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8/4/2014
03:20 PM
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How Malware Writers Cheat AV Zero-Day Detection

A researcher reverse engineers AVG's code emulation engine after easily bypassing other major antivirus software products.

As an experiment, Kyle Adams wrote what he describes as "ridiculously obvious" malware that most major antivirus products ultimately failed to detect. The only AV product that caught his malware was the freebie AVG, whose code-emulation feature sniffed it out.

So Adams, chief software architect for Junos Webapp Secure at Juniper Networks, kicked it up a notch and reverse engineered AVG's code emulation engine. Then he was able to bypass AVG's engine, as well, but he also noticed what attackers could do in that situatoin. On Tuesday, Aug. 5, at BSides Las Vegas, Adams will demonstrate how he cheated various AV products and how AV's code emulation feature for catching zero-day exploits has some weaknesses of its own.

"You start to realize things [the engines] can't handle, and if you explore them, you start to uncover compromises they didn't recognize," Adams says. However, "I didn't find anything that let me compromise the [code emulation engine] simply by [having the malware] scanned."

He plans to expose some of the engine weaknesses and name some of the major AV products his malware cheated in the first phase of his experiment. "If you know how the engine works, you can get around it."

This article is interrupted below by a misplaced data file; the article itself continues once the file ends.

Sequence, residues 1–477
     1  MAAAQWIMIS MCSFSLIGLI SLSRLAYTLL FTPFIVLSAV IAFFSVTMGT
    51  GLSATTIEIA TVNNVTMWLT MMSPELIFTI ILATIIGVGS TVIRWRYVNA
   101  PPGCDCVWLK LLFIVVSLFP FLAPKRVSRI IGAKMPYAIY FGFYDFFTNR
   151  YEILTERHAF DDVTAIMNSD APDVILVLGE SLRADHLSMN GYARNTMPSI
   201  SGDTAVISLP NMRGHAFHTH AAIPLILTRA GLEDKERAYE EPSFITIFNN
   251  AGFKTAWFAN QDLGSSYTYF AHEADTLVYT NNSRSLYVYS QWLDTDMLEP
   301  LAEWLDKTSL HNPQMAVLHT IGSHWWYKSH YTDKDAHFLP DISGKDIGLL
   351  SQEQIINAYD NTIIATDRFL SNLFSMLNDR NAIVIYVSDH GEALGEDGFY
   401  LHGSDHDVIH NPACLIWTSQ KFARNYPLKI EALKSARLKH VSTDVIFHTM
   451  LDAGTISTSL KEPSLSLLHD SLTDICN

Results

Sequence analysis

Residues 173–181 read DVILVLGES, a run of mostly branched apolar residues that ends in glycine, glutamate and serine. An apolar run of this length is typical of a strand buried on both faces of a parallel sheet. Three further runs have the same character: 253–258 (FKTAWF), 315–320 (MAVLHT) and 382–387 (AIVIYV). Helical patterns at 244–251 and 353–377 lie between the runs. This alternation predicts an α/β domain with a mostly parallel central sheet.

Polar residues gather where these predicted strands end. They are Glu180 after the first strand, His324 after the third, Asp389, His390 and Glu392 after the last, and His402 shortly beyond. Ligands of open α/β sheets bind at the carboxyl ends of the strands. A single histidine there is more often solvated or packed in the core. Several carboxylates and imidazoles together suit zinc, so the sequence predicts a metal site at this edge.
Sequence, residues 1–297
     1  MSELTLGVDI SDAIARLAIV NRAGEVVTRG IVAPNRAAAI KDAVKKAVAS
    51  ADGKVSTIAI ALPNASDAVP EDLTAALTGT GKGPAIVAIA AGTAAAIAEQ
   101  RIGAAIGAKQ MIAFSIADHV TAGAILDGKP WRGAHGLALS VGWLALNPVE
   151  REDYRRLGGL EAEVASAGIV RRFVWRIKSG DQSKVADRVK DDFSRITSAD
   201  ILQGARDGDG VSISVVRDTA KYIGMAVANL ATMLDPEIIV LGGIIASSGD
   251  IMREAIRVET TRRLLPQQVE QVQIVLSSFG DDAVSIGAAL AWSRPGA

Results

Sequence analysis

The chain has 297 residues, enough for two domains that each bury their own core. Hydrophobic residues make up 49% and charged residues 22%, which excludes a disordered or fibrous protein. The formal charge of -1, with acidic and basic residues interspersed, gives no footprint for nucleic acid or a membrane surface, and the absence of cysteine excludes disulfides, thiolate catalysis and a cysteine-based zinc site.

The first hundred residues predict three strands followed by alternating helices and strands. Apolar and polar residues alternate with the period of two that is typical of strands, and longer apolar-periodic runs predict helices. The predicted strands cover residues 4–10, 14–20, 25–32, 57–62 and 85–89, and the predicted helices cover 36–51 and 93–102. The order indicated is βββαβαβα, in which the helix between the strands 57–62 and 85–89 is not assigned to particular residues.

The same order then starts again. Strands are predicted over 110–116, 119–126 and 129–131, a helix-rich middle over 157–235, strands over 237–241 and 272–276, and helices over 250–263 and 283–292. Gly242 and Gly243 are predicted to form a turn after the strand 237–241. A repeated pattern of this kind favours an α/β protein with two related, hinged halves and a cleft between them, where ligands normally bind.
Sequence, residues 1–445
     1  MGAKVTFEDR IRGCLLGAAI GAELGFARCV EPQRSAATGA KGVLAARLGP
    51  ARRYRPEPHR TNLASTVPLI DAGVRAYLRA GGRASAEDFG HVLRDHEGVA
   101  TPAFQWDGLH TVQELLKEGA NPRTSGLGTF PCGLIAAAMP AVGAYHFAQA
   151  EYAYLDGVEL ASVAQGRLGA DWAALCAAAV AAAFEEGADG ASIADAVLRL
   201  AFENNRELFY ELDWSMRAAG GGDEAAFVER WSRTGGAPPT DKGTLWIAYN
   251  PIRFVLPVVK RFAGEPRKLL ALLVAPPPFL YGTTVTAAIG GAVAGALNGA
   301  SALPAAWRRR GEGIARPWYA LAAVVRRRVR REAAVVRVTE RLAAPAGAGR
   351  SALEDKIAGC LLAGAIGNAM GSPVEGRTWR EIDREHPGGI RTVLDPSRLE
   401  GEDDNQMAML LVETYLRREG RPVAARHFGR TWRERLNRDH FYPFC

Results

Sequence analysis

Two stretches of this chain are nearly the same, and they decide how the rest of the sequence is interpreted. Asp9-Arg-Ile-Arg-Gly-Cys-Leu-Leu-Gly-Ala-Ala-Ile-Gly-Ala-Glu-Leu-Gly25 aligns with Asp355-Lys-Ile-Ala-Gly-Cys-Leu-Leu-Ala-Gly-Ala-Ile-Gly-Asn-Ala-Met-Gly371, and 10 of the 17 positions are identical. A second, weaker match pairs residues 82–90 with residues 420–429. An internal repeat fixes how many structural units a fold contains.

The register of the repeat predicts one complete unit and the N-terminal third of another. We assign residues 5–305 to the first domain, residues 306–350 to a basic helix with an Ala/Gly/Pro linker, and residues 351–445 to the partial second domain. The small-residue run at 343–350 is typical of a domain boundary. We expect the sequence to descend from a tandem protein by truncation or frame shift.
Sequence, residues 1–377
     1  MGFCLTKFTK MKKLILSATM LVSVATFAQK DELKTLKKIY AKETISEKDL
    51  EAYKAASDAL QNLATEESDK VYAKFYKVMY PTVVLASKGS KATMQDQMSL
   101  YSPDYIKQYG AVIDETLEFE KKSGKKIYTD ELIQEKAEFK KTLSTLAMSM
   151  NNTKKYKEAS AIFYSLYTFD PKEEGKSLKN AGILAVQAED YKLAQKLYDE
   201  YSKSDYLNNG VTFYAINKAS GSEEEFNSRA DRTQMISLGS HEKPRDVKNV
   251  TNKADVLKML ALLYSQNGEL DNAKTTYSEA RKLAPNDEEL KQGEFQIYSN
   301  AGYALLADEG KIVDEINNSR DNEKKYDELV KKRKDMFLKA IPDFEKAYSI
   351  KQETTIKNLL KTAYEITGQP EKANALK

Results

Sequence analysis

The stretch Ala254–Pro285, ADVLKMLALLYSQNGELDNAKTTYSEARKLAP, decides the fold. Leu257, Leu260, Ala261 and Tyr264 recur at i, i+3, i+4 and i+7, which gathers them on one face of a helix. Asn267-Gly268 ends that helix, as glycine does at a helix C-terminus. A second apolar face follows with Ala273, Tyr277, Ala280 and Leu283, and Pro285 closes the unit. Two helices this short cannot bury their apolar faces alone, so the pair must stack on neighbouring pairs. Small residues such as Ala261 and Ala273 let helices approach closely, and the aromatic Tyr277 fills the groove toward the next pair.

His research shows that code emulation needs to be improved in AV products. "In some aspects, how code emulation works could be grounds for new exploits."

Adams says he's definitely not the first person to cheat an AV engine -- bad guys do it regularly -- but he wants to educate the security community on the problem. "I'd like to show how the malware authors approach the problem. I'm going to show building a virus from scratch… and testing it against the AV products like attackers do as they try to figure out how not to get detected."

His research shows that code emulation and sandboxing aren't really working anymore. "Now you can start to attack code emulators and sandboxes" themselves. At least 10% of attacks are attempting this today.

The malware Adams wrote and will demonstrate is a command-and-control bot. The JavaScript malcode he wrote runs on Windows. "It could be put together by anyone."

What can AV vendors do to beef up their code emulation? For one thing, "they should start penetration-testing their own AV software."

Adams will propose other solutions for improving code emulation. And he says he's definitely not picking on AVG, which he tried to contact before his presentation. "This is not a jab against AVG, as they get enormous credit for including such a powerful tool in a free antivirus client," he wrote in an abstract for his BSides talk.

Kelly Jackson Higgins is Executive Editor at DarkReading.com. She is an award-winning veteran technology and business journalist with more than two decades of experience in reporting and editing for various publications, including Network Computing, Secure Enterprise ... View Full Bio

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